ADOTAS – Considered a major privacy violation since a University of California, San Diego study publicized the practice last year, history sniffing or stealing refers to computer code embedded in tracking beacons that reads links on a page to get clues into browser history. You know the drill: pink means you’ve visited before, blue means you haven’t.
I think sniffing is a better term because stealing connotes actually hijacking a user’s history folder. But like most things in online behavioral advertising, it’s painted several thick shades of gray — and anti-tracking advocates are likely to use the more damning term to plead their case.
You can imagine that Epic Marketplace was nonplussed when Jonathan Mayer of the Stanford Security Lab (SSL) within the Stanford Law School Center for Internet and Society claimed he caught Epic history stealing (his phrase) on websites Flixster and Charter.net.
- The script is fast. Thousands of links are tested per second.
- Links are added in an invisible iframe; there is no apparent effect on the page layout.
- The script dynamically loads lists of URLs and associated interest segments using JSONP.
- Progress is stored in a cookie so the script can resume where it left off.
- The script sets a cookie indicating when it was last run; it will not history steal more than once every twenty-four hours.
- If history stealing is still in progress when the window is closed (e.g. the user navigates to another page) the script sends its findings before ending execution.
- The script slows down if a URL list takes over two seconds to process.
- To prevent multiple history stealing attempts in parallel, the script uses a mutex cookie.
- The script does not directly report the URLs that it detects the user has visited; it sends a deduplicated list of the interest segments associated with the visited URLs.
Epic has fired back:
The practice described in the blog, better labeled as “segment verification” (indeed, as admitted in the blog, no URLs or URL history is actually collected) provides companies with a way to measure the accuracy of the data that a company purchases from data vendors without compromising consumer privacy. NO data obtained from segment verification is personally identifiable information (PII), nor is that data ever merged with other data points that are, or may be, personally identifiable.
Mayer and his Stanford Security Lab team are building a platform for measuring dynamic web content, which also may serve as an automated enforcement tool for the Do Not Trackuniversal web tracking opt-out app that detects third-party tracking via methods such as cookies and fingerprinting.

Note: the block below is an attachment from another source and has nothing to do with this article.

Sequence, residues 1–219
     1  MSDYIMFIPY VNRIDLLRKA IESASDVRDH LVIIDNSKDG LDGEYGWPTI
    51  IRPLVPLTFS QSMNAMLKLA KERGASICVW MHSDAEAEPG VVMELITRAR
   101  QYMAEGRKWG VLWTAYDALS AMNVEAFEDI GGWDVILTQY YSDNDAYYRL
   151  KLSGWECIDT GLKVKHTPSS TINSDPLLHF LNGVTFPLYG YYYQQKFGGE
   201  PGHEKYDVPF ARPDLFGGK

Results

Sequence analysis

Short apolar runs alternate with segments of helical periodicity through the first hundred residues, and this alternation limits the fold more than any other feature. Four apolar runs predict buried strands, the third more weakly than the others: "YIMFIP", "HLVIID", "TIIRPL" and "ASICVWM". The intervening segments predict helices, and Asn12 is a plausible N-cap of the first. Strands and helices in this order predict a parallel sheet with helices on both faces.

Last week the team caused a stir in the behavioral targeting world — testing out this platform, the Stanford researchers identified beacons for 64 of the 75 companies signed up for the Network Advertising Initiative’s self-regulated online behavioral advertising program. After loading content featuring the beacon, the researchers opted out of OBA tracking via the NAI website and reloaded the content. Then they enabled the Do Not Track app and reloaded the content again. The team discovered that half of the NAI companies left their tracking cookies in place while 10 companies deleted their cookies.
But the industry responded that Mayer and his crew were seriously missing the nuance of the situation — not all tracking cookies are for behavioral targeting. Networks like Vibrant Media and Undertone argued that their practices were in line with NAI guidelines, which allow cookies to remain for collection of non-OBA data used in frequency capping and other practices unrelated to behavioral targeting.
NAI Executive Director Chuck Curran echoed these claims and while arguing that the Stanford study was unfairly blurring the lines between industry self-regulatory behavioral targeting initiatives and across-the-board tracking roadblocks:
[It’s] important to draw a fair distinction between existing industry self regulatory commitments to limit ad targeting based on user interests, and the views of proponents of newly emerging “Do Not Track” technologies who argue that advertising companies should be stopped from collecting any data. We’ve been following with interest the recent introduction by browser manufacturers of “Do Not Track” features that promise in various degrees to limit browser data collection. A robust debate is going on about how these browser features might be integrated with the existing industry self-regulatory programs, but for now there is no universally agreed upon definition of what “Do Not Track” means.
These two incidents certainly suggest that Do Not Track initiatives and industry self-regulatory efforts are at loggerheads, and an already muddy issue is getting increasingly messier. Consider in addition that people have recently noticedthat websites are under no obligation to respect Firefox’s Do Not Track feature — it’s not really in publishers’ interest regarding their own data collection.
Is a compromise between DNT and industry opt-out realistic? Or should we start taking bets on which side will win? I.e., better sweet-talk government regulators and legislators.